An expert panel provides cancer patients and survivors with exercise guidelines in order to improve quality of life. These guidelines were recently published in the journal Medicine & Science in Sports & Exercise.
Exercise and its relationship to patient quality of life, cancer prevention, and impact on treatment and recurrence have been studied extensively in several types of cancer. Regular physical activity may reduce the high levels of emotional distress that can accompany a diagnosis of cancer, improve body mass index, help to maintain red blood cell levels during radiation therapy, and improve quality of life and overall health.
Experts in the field of cancer, fitness, and obesity participated in a panel in an effort to provide cancer survivors with more concrete guidelines to improve their quality of life and overall health, with the ultimate hope of a reduced recurrence risk. The guidelines follow the United States Department of Health and Human Services 2008 Physical Activity Guidelines for Americans with adaptations for cancer patients and survivors based on cancer type and common long- and short-term side effects of treatment. The guidelines also provide specific recommendations and contraindications for patients with breast, prostate, colon, gynecologic, and hematologic cancers.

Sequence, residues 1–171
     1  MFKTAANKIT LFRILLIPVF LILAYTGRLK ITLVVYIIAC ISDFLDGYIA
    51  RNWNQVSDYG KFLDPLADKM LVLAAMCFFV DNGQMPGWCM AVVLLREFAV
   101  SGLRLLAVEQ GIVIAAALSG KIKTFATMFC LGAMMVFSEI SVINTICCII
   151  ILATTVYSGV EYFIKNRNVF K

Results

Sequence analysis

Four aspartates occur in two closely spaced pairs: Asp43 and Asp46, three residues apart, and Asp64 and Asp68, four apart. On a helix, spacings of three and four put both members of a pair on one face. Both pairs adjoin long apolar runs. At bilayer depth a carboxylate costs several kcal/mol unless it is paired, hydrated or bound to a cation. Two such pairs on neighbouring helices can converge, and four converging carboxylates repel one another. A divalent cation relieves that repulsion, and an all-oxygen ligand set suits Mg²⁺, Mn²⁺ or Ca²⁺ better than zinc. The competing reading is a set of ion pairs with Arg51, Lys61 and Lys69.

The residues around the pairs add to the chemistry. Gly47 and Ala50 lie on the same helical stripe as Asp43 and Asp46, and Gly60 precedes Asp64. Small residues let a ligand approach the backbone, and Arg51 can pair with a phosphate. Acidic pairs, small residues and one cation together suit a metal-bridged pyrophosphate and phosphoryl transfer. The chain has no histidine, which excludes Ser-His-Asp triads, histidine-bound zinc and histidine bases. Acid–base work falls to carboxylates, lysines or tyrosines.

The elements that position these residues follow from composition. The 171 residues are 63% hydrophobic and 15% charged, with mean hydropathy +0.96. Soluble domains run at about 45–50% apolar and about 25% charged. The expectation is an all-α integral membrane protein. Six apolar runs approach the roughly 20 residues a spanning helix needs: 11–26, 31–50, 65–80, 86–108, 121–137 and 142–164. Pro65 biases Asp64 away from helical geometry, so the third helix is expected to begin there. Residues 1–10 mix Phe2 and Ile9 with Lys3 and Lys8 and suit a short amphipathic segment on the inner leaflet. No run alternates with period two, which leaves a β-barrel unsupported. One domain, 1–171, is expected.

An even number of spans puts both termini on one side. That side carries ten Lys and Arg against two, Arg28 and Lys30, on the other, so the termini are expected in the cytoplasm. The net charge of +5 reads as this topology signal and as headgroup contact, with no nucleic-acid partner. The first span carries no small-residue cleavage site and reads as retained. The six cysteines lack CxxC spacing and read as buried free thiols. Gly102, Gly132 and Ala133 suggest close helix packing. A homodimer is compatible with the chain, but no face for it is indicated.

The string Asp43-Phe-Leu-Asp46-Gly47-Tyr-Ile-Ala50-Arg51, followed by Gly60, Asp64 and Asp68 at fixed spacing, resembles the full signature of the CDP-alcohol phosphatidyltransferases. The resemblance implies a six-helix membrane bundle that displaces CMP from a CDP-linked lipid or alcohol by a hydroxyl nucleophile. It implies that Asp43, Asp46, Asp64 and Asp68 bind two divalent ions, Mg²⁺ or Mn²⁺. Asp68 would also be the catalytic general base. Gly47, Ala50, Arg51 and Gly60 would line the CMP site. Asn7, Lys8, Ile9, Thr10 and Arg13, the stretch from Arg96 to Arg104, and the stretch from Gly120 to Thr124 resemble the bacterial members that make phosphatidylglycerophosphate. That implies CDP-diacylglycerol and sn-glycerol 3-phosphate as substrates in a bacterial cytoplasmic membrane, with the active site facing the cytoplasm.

The roundtable concluded that “exercise training is safe during and after cancer treatments and results in improvements in physical functioning, quality of life, and cancer-related fatigue in several cancer survivor groups.”
 Schmitz KH, Courneya KS, Matthews C, et al. American College of Sports Medicine Roundtable on Exercise Guidelines for Cancer Survivors. Medicine & Science in Sports & Exercise. 2010;42:1409–26.
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